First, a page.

We are being watched
When asked how Apple would weather an economic downturn, Steve Jobs said ‘We will innovate our way out of it.’ Not ‘We are going to wait for a handout’ or ‘We are going to wait and see what everyone else is going to do.’ No, Apple is going to innovate it’s way out of tough times.
What a great way of thinking. We will innovate our way out of tough times.
And that is exactly the idea that education has got to have in the next few years in order to weather the economic storm. It is time to innovate. Time to transform education, not simply reform education. And now is the perfect time to do so.
So what does that mean? In a broad sense, innovation can mean looking at the education system as a whole and seeking more effective means of educating our students. It is time for education leaders to finally start taking technologies that have been pushed aside for years as distractions and see if they can cut costs while at the same time delivering effective learning. In the past, economic downturns in education have led to a slash-and-burn mentality, where positions, programs, or budgets were cut across the board in order to balance the budget. Now we have a golden opportunity to look at technology, specifically disruptive ones, as a means to innovate our way out of recession.
Some of those disruptive technologies include: video conferencing, distance learning via the web, podcasting, games as learning arenas, and using cell phones as learning devices. In essence, the entire Web 2.0 world can be looked upon as a possible place to save money.
Video conferencing has been used in business for years, and has made some inroads in education, but until recently, the cost of the equipment and the technical specifications were both out of reach of many districts. Now, video conferencing can take place anywhere there is a laptop with an internet connection. Classes can be held across cities, across districts, and across counties, all while saving money. Imagine having your child take that AP course at the same time and with the same teacher that until now was only offered at one high school at one time because there was only one teacher? Now that specialized instructor can be shared beyond the walls of the single school.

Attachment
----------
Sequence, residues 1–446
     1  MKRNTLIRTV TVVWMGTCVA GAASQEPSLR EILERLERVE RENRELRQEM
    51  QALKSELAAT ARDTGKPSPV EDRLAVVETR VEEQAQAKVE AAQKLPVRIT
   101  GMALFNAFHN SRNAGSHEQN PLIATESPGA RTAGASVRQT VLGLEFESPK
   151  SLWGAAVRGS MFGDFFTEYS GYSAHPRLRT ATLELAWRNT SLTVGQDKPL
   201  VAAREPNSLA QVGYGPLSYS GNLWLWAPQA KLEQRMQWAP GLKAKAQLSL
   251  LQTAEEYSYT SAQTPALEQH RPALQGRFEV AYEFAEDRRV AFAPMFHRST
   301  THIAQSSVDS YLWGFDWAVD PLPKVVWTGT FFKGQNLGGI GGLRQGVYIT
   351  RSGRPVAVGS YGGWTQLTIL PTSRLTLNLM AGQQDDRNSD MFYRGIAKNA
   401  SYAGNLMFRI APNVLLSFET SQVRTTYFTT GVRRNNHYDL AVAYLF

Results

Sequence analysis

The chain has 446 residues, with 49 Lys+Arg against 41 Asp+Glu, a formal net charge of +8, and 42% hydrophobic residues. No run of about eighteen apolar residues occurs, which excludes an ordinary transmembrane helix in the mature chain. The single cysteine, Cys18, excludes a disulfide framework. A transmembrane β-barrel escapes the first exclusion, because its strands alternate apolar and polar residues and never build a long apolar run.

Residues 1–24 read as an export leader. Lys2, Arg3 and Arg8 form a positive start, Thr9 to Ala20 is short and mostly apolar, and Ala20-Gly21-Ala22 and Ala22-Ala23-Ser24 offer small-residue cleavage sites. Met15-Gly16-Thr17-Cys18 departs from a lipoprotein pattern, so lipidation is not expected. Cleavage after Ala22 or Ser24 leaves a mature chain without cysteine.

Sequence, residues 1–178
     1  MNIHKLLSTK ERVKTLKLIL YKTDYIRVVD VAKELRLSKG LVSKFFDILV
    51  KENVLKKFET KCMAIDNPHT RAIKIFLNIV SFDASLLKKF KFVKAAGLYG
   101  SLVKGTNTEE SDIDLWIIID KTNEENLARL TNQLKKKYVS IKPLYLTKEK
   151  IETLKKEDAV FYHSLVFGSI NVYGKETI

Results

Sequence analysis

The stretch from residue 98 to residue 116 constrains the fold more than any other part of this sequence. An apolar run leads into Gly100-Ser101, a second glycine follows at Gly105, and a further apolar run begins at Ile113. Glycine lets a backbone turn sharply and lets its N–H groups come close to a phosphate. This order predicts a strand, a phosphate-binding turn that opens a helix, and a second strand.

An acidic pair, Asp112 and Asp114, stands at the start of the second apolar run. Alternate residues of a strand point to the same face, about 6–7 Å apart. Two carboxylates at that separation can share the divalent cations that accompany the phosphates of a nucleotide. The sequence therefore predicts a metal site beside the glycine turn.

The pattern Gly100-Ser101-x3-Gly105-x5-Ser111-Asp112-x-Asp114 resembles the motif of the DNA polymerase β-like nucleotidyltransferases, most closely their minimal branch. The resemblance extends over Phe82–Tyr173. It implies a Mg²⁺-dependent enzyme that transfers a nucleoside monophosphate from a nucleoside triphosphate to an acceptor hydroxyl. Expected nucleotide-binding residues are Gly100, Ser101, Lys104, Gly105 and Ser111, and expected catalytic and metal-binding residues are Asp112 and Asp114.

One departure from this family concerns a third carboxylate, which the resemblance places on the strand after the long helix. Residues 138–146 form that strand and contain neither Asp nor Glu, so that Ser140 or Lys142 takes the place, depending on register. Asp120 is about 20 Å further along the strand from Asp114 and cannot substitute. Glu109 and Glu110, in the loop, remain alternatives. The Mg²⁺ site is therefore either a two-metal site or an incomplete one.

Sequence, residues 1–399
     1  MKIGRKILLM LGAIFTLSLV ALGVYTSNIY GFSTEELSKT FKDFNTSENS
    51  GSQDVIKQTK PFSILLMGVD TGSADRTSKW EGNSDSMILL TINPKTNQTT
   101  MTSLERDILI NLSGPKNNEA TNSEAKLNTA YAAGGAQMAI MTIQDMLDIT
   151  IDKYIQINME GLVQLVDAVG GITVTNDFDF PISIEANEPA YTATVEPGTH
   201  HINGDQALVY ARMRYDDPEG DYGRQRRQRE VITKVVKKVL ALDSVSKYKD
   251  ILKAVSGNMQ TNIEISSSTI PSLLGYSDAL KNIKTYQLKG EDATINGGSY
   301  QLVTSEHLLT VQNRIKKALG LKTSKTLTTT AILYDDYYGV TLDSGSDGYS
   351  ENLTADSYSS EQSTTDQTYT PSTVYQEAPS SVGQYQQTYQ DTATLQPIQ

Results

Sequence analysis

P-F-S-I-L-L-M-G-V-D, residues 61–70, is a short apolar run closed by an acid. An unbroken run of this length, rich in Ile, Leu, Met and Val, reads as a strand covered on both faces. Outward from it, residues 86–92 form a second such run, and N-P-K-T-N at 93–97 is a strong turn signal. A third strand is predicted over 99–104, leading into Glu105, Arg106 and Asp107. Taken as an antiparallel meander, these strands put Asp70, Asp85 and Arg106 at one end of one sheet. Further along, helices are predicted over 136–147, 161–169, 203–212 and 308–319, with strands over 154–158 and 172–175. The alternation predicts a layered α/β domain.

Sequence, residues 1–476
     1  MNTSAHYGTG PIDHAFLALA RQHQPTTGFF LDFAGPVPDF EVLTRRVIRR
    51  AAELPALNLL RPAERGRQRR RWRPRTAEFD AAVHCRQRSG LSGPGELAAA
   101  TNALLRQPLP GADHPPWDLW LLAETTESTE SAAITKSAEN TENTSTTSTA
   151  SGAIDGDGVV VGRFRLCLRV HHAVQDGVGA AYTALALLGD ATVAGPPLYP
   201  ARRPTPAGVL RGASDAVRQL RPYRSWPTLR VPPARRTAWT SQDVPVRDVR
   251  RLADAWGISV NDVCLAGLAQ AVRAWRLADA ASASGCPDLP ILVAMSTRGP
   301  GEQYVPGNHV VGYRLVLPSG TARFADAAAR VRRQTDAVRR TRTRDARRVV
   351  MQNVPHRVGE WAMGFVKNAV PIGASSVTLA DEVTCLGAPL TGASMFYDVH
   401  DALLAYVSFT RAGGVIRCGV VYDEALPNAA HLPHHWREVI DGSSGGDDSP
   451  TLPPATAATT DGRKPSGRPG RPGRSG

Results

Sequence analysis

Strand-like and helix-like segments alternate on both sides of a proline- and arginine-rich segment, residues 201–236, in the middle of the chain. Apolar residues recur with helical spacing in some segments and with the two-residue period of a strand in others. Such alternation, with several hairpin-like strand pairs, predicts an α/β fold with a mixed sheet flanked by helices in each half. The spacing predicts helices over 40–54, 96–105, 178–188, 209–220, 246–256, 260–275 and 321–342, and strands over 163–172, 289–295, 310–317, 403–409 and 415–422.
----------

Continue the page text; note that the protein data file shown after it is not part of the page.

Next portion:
Distance learning creates situations that allow almost unlimited possibilities. Imagine, moving some classes onto the web, where students can take them 24/7? Universities are already doing that, and Texas is actually moving towards that model with something called the Texas Virtual School Network. With the TxVSN, students from K-12 will be able to eventually take courses that are not available at their home campus or district. Instead of just using online learning to catch up with credits, we can start using it to get ahead by allowing our students who want to take courses they will need without the limitations of having to actually sit at a desk in a classroom to do so.
Podcasting allows teachers to extend the classroom beyond the school, letting students take lessons, lectures, and the actual learning home with them. Your high schooler could take that history lecture home to study in the teachers own voice; your first grader could take home today’s reading and have the teacher reading it to her again while she followed along in her book; your middle schooler could relive the science lesson by watching what the teacher wrote on the board while listening to the class discussion.
And those are just some of the possibilities that are available essentially for free. Collaborative, cooperative, sharing of resources via the web is here for any school district to tap into for the asking. It is called 21st century learning. Our kids should be doing it. Ironically, this time of economic trouble may be the best time to bring these technologies into the classroom.
So we are all in this boat together. The kids, the adults, the public, the schools. We can do what we have always done and randomly chop funding and programs, or we can think about innovating our way out of it. The kids are watching and they are learning from us.
What are we going to teach them?